Since GSK-3 has emerged as the likely target of lithium in mammalian behavior, much attention has focused on mechanisms downstream of GSK-3 that may contribute to lithium effects. GSK-3 regulates dozens of substrates directly, regulates multiple signaling pathways including Wnt and Akt-dependent signaling, and controls cellular processes such as neurogenesis and survival (Doble et al., 2007). Lithium promotes adult hippocampal neurogenesis and several groups have proposed that this is an essential function of mood stabilizers (Chen et al., 1999; Son et al., 2003; Silva et al., 2008; Fiorentini et al., 2010; Hanson et al., 2011; reviewed in Samuels and Hen, 2011). In this regard, there are interesting parallels between the effects of mood stabilizing drugs and antidepressants in rodents: Structurally diverse antidepressants also stimulate neurogenesis (Malberg et al., 2000; Santarelli et al., 2003), have similar effects as chronic lithium in multiple behaviors (Table 2), and stimulate N-terminal inhibitory phosphorylation of GSK-3 (Li et al., 2004; reviewed in Polter and Li, 2010), suggesting that they may act through similar mechanisms. Hippocampal irradiation blocks the effects of antidepressants in the chronic unpredictable stress and novelty suppressed feeding paradigms suggesting hippocampal neurogenesis is required for the behavioral effects of antidepressants (Santarelli et al., 2003). By analogy, enhancing neurogenesis may be critical for the mood stabilizing effects of lithium. Although the requirement for neurogenesis in the behavioral response to lithium has not been tested, it would be intriguing and somewhat surprising to find that antimanic agents and antidepressants act through similar mechanisms.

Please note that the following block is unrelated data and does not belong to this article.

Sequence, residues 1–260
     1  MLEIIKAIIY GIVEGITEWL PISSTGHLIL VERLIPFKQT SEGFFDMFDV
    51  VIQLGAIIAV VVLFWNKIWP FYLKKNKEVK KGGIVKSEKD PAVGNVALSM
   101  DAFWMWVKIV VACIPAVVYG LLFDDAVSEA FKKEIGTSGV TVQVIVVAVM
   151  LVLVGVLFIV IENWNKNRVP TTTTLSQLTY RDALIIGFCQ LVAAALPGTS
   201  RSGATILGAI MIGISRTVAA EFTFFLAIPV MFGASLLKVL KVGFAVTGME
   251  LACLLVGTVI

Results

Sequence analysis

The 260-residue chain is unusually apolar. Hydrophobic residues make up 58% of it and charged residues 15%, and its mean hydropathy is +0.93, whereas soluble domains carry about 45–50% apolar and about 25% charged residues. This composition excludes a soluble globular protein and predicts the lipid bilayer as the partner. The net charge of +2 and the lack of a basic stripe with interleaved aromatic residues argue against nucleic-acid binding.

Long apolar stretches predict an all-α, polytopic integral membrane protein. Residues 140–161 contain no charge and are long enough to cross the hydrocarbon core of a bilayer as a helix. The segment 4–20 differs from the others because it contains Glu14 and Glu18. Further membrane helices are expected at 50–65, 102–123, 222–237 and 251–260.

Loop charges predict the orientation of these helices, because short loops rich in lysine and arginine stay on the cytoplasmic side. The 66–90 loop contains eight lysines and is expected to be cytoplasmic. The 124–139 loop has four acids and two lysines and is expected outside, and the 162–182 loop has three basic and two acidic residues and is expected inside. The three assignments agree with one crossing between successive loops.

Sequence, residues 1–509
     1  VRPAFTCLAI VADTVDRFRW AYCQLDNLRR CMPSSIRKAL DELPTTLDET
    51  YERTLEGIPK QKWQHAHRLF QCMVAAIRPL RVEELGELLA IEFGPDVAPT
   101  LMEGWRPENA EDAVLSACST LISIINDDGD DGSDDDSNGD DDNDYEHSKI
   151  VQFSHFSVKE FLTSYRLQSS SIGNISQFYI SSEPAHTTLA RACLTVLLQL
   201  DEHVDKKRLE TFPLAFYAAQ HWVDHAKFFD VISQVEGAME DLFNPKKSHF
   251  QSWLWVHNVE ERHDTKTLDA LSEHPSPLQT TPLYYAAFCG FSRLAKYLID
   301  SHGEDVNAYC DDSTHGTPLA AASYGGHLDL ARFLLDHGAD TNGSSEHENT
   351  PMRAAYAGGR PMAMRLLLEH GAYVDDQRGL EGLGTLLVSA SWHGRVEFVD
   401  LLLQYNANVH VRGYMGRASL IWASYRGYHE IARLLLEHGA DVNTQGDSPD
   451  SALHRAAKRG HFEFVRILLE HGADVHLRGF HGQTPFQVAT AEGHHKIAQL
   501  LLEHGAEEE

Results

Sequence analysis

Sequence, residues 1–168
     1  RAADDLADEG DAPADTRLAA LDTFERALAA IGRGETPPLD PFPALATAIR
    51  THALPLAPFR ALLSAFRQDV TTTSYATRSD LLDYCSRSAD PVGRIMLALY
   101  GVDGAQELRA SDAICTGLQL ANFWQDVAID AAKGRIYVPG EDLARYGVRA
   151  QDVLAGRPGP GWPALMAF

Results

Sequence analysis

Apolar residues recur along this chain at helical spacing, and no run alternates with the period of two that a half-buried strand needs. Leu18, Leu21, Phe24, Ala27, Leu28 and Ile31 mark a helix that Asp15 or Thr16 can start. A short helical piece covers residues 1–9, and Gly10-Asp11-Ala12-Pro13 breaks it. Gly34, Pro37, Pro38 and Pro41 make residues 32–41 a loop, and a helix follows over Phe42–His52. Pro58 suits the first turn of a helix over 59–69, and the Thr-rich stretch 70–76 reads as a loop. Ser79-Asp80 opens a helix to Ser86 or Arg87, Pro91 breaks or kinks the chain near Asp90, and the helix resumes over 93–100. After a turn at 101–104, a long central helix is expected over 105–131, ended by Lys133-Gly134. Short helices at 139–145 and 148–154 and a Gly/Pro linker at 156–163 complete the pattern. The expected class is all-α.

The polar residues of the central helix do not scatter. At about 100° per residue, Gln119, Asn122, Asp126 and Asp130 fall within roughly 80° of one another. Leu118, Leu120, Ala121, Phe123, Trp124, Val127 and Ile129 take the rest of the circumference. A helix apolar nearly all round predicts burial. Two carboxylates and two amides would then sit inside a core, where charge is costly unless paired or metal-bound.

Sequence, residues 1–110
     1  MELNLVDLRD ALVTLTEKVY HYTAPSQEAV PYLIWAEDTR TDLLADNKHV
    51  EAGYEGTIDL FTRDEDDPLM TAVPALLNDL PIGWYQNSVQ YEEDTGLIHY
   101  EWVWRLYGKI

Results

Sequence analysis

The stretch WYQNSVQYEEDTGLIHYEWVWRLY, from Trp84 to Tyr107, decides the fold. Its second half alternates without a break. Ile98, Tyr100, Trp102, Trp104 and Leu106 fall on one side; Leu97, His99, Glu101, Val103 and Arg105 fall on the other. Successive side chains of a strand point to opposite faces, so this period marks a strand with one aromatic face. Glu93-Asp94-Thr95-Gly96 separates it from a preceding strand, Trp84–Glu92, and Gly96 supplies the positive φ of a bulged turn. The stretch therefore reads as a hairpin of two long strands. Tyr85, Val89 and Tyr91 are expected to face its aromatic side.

Lithium inhibits GSK-3 to activate canonical Wnt signaling which promotes adult neurogenesis; thus chronic lithium may influence behavior by stimulating Wnt-dependent neurogenesis. In support of this proposed mechanism, chronic lithium activates Wnt signaling in the dentate gyrus in mice and expression of an activated form of β-catenin reduces immobility in the forced swim test (Gould et al., 2007). However, whether Wnt signaling is required for behavioral responses to lithium has not been explicitly tested. In addition, the requirement for Wnt-induced neurogenesis in behavior has not been studied. Lithium also activates Wnt signaling in the amygdala and hypothalamus, areas not known to support adult neurogenesis (O’Brien et al., 2004). Thus, Wnt target genes could function independently of neurogenesis to regulate lithium-sensitive behaviors. Importantly, lithium effects on non-neuronal cell types may also be important for its effects on behavior.